6. (a) What is unique about the judgments, laws, prophets and prophecies of the Bible? (b) As the living God, what has Jehovah done in authoring the Bible that makes this Book so different?
6 The Holy Bible is written in God’s name, Jehovah. Its judgments and laws are pronounced in his name. Its prophets are sent in his name, and their prophecies are declared over his name and written with his name as a signature of guarantee. The Bible does credit to God’s name. What other book tells us so much about this God the Creator? What other book describes him so fully or presents him so vividly? He is not a god set out in unhistorical, undatable mythologies and unreasonable religious traditions that are the product of man’s imaginations. He is a God tied in directly with human history from man’s very start till now, for He is man’s Creator. He has nothing to do with myths or religious mythologies. As a living God, he weaves his speeches, his prophecies, his deeds and his course of action right in with dated, true-life history of mankind, and gives his attention, not to just his chosen servants or people, but also to nations, not excluding a single nation today.
7. Why is the Bible not just a Book of the ancient past, and so of what can we be confident today?
7 God’s dealings with mankind did not stop nineteen hundred years ago with the writing of the last book of the Bible. That very last book, because it is prophetic, together with all the other prophetic books and utterances of the whole Bible, projected Jehovah God into the then distant future, yes, into our very own day. In the light of these prophecies Jehovah God is clearly seen to be responsible for many marvelous things taking place today. Certain almost unbelievable things of our time can only be explained on the understanding that He is accountable for them. Of one thing we may be absolutely sure: Jehovah God the Almighty is at work today. Fulfillment of Bible prophecy proves that fact. In turn, that fact proves that the Bible is inspired, and that it is God’s Book.—2 Pet. 1:20, 21.
8. For whom is the “everlasting good news” meant, and how valuable is that news now?
8 Why are we especially interested today in knowing that the Holy Bible is God’s Book, that it is “inspired of God”? We want to know this because we desire to be sure that its glorious message is true. It is a book of “everlasting good news” for every nation, tribe and people of no matter what language. (Rev. 14:6) What the Bible announces was “good news” nineteen centuries ago when the writing of the Holy Scriptures was finished. With the passing of all these centuries the good news of the Bible has not grown stale and lost its interest or appeal. Its news is just as good today as ever, because it is “everlasting” good news. It never loses its value. In fact, the news it bears is more alive and interesting today than at any time in the past! Why? Because the inspired Bible prophecies are undergoing realization today, to prove that we have reached the conclusion of this old system of things with its overabundance of bad news today.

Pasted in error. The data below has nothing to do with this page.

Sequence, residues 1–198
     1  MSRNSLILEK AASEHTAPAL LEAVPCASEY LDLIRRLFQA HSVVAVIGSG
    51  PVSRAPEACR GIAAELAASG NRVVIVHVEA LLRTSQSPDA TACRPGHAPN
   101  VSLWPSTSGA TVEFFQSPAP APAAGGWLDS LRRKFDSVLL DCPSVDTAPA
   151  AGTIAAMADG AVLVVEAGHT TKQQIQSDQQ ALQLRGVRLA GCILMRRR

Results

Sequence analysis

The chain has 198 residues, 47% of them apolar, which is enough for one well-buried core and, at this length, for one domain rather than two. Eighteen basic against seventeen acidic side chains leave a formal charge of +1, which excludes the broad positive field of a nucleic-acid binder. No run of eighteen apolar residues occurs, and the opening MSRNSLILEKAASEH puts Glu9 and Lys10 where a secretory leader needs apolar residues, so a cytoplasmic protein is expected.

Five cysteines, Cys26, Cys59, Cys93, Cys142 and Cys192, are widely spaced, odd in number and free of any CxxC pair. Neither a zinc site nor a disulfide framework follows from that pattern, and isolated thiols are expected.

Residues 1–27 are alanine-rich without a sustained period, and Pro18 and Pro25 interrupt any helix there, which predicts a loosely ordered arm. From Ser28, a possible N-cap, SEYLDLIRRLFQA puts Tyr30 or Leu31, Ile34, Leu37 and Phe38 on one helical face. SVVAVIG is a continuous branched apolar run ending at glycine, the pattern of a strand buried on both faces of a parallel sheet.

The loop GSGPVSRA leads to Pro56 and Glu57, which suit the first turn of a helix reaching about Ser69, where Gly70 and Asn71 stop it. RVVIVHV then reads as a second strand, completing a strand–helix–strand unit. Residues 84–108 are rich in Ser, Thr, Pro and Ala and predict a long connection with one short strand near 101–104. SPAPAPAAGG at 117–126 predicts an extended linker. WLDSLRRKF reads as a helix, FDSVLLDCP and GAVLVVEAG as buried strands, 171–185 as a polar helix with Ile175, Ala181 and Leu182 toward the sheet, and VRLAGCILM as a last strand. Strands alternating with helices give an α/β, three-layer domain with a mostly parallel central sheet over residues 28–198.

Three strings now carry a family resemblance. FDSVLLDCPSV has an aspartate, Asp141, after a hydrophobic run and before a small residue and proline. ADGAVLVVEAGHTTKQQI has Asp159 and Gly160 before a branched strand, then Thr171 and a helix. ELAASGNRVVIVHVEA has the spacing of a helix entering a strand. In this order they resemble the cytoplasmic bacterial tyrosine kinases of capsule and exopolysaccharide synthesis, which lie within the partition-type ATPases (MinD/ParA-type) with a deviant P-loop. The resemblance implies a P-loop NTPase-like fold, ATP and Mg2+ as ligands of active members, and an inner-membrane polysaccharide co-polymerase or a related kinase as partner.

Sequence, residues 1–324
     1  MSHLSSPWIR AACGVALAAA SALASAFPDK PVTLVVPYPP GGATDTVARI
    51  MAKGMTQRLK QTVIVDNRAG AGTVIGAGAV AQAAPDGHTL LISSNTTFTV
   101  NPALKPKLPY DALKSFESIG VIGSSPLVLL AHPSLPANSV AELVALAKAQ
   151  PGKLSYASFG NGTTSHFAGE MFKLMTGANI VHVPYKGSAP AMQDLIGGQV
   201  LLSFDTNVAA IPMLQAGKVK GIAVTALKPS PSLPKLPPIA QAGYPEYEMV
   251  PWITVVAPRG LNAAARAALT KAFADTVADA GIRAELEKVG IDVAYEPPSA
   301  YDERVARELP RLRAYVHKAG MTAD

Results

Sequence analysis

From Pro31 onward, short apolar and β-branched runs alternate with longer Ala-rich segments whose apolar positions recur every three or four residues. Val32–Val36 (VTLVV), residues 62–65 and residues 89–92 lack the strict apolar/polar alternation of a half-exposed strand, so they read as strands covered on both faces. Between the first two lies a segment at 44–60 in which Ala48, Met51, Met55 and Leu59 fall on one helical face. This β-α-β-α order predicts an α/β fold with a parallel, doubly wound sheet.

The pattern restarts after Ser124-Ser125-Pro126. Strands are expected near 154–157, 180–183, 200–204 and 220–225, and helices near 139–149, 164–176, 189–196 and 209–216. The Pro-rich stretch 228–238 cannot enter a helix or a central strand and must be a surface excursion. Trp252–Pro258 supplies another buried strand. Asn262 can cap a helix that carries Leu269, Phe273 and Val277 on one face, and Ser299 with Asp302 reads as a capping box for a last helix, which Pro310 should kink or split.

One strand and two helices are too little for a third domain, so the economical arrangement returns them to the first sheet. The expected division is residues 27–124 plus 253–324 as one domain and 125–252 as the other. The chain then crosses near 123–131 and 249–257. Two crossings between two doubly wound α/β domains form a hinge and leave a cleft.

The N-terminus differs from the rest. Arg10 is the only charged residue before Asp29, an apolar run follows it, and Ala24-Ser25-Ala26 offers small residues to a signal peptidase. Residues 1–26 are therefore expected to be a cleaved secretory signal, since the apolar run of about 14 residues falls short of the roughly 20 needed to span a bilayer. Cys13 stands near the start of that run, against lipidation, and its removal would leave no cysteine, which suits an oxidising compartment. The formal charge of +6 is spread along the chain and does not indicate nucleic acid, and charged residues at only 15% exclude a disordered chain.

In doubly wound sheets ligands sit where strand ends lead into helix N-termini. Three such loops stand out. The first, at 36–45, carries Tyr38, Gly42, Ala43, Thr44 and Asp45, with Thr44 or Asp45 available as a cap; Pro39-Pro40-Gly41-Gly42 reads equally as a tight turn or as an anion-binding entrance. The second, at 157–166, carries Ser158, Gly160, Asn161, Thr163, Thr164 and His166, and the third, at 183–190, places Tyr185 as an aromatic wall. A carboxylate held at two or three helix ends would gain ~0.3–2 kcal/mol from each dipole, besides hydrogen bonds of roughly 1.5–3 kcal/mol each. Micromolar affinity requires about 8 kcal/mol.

9. What divine promise causes us great happiness now?
9 So we have proof that we are at the time for God to bring in his new order of righteousness that He has promised in his Word. All right-minded men and women, all lovers of truth and uprightness long for a new order of things such as God has promised in his Bible. He alone is mighty enough to do away with this old order and replace it with a perfectly righteous new order. We want salvation through Jesus Christ from this corrupt, death-dealing old order. O what good news it is to know that now is the time for the Almighty God, Jehovah, to save us from it and to bring us into his new order with its blessings of freedom from war, of prosperity and plenty, of truth, of pure worship of God and of healthful living, not dying, yes, of the resurrection of our dead loved ones!
“WISE FOR SALVATION”
10, 11. (a) How did Paul show the value of God’s Book in writing to Timothy? (b) What constituted the “holy writings” at that time?
10 For us to become wise enough to gain that salvation we need the only book that tells us about it, God’s Book, the Holy Scriptures. This need is what the Christian apostle Paul stressed to a younger Christian overseer named Timothy, when Paul wrote: “You, however, continue in the things that you learned and were persuaded to believe, knowing from what persons you learned them and that from infancy you have known the holy writings, which are able to make you wise for salvation through the faith in connection with Christ Jesus.” (2 Tim. 3:14, 15) Among those from whom Timothy learned the things that he was persuaded to believe were his grandmother Lois and his mother Eunice, who was a Jewess. From Timothy’s infancy Eunice especially could teach the “holy writings” to him as her little son, for her husband was a Greek. Doubtless she took him to the Jewish synagogue.